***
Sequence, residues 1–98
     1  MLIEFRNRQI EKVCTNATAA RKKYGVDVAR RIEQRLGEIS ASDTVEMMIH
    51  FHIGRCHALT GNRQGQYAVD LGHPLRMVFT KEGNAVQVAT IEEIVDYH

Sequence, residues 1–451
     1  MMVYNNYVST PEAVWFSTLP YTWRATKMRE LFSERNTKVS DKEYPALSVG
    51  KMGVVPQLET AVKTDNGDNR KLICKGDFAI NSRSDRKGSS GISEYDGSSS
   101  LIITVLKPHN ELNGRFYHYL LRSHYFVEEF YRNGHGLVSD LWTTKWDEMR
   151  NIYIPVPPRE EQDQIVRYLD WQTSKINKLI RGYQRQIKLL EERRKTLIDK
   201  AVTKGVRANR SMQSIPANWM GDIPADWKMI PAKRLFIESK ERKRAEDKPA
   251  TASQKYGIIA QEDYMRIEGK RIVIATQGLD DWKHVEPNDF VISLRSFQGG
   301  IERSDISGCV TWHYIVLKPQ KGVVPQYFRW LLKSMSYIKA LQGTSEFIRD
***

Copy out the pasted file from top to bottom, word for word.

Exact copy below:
Sequence, residues 1–98
     1  MLIEFRNRQI EKVCTNATAA RKKYGVDVAR RIEQRLGEIS ASDTVEMMIH
    51  FHIGRCHALT GNRQGQYAVD LGHPLRMVFT KEGNAVQVAT IEEIVDYH

Sequence, residues 1–451
     1  MMVYNNYVST PEAVWFSTLP YTWRATKMRE LFSERNTKVS DKEYPALSVG
    51  KMGVVPQLET AVKTDNGDNR KLICKGDFAI NSRSDRKGSS GISEYDGSSS
   101  LIITVLKPHN ELNGRFYHYL LRSHYFVEEF YRNGHGLVSD LWTTKWDEMR
   151  NIYIPVPPRE EQDQIVRYLD WQTSKINKLI RGYQRQIKLL EERRKTLIDK
   201  AVTKGVRANR SMQSIPANWM GDIPADWKMI PAKRLFIESK ERKRAEDKPA
   251  TASQKYGIIA QEDYMRIEGK RIVIATQGLD DWKHVEPNDF VISLRSFQGG
   301  IERSDISGCV TWHYIVLKPQ KGVVPQYFRW LLKSMSYIKA LQGTSEFIRD